KANSAS CITY, Mo. — When Dayton Moore strives for confidence about Mike Moustakas, he does not have to search far for a comparison. He still recalls the pessimism swirling around Alex Gordon after several disappointing seasons at the outset of his Royals career.
Gordon, Moore was told, was a bust. The organization believed otherwise. Like Gordon, Moore explained last week, “Mike Moustakas has an incredible amount of talent. As long as the talent remains, the production will come.”
In the spring of 2010, when Gordon was 26, the Royals demoted him to Class AAA Omaha in hopes of vivifying his bat. Gordon returned after almost two months. He posted the best offensive season of his career the subsequent season and won the first of his three Gold Gloves.
As they face a roster decision on Tuesday, hoping to add a reliever to their bullpen, the Royals are contemplating a similar maneuver with Moustakas. At 25, he is mired in the worst slump of his career. A demotion is one of several options under debate within the front office. The decision would rob the big-league club of their best defender at third base, but could also allow for a mental break to create confidence in the former No. 2 overall pick.
“We’ve exhausted every possible scenario to get him locked in,” hitting coach Pedro Grifol said. “It’s going to take a day where he goes out and goes three for four, squares two balls up and he feels good about himself. The next day, he’ll go out there and hopefully he does it again. That’s how you catch on.”
The situation is complicated. Second baseman Omar Infante missed five games because of inflammation in his lower back. The team recalled Johnny Giavotella to take his place. By Tuesday, the Royals need to dispatch a position player to make room for a pitcher.
There are several choices. They could send Giavotella back to Omaha. He boomed a go-ahead, three-run homer in Sunday’s victory over Seattle, and has long intrigued the fans with his offensive potential. He has spent most of his time in the minors this season at third base, but team officials worry about his arm strength on throws across the diamond.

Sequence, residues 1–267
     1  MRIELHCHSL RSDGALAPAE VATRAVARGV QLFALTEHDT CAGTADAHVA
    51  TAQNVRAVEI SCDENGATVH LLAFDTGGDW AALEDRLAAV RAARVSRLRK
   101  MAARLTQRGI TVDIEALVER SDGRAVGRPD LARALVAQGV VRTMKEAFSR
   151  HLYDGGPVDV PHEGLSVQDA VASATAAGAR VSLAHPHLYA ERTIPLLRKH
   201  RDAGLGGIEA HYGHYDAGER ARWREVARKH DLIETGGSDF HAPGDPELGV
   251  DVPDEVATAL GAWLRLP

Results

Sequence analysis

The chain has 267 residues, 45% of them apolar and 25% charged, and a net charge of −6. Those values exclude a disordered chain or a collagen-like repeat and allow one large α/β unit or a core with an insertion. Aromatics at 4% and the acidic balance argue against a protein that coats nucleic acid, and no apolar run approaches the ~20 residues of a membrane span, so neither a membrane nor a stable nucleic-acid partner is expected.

There is also Justin Maxwell, the talented but lately unproductive backup outfielder. Maxwell has four hits in 39 at-bats, and has seen his playing time shrink. The Royals would likely lose Maxwell on waivers.
Or, there is Moustakas. A demotion for him would not represent a change of the guard, a referendum on their hopes for Moustakas. Instead, team officials would frame it as an attempt to galvanize a stalled player. The organization lacks a qualified long-term replacement, rival evaluators believe.
In the past two weeks, six different men have appeared at third base for the Storm Chasers: Giavotella, Christian Colon, Jimmy Paredes, Brian Bocock, Pedro Ciriaco and Jason Donald.
“They just aren’t protected there,” one American League talent evaluator said. “And truthfully, it is a hard spot to be protected at.”
Thus, they would seek a stopgap solution that could involve more steady playing time for Danny Valencia, who currently platoons with Moustakas. Valencia is a defensive downgrade. But almost any major-league hitter would be an offensive upgrade.
Moustakas has been one of baseball’s least productive hitters. Among the 210 batters with at least 100 plate appearances, he ranks 209th in batting average (.147), 209th in on-base percentage (.215) and 201st in on-base plus slugging percentage (.536).
One American League scout described him as “lost” at the plate. Grifol offered a more charitable assessment. “It’s just that he’s not in sync,” he said. When asked for what positive signs he sees with Moustakas, manager Ned Yost lamented, “Nothing really in the game.”
To Grifol, the confounding part is Moustakas has improved his approach. He is swinging at pitches outside the strike zone 29.2 percent of the time, down from a career average of 35.6 percent, according to FanGraphs.com. Moustakas is making contact at an 82.9 percent rate, also slightly above his career average.
But Moustakas has been unable to barrel up when he does swing. He has been one of the worst fastball hitters in baseball this season. He has been worth 6.9 runs below average on heaters, according to FanGraphs’ pitch-type values, which ranks 178th among 181 qualified batters.
When Grifol observes Moustakas, he sees a series of minor glitches. Sometimes Moustakas will pull his head up too soon. Sometimes he drops the barrel of the bat an increment too low. Sometimes his timing is too disjointed for proper contact.
“If one little part breaks down,” Grifol said, “then the swing is off.”
Until the team makes a move, they will continue to support Moustakas. They believe in his talent, even if his production has yet to appear.
“You’ve got to look at what the alternatives are at this point in time,” Moore said. “He helps us win games right now.”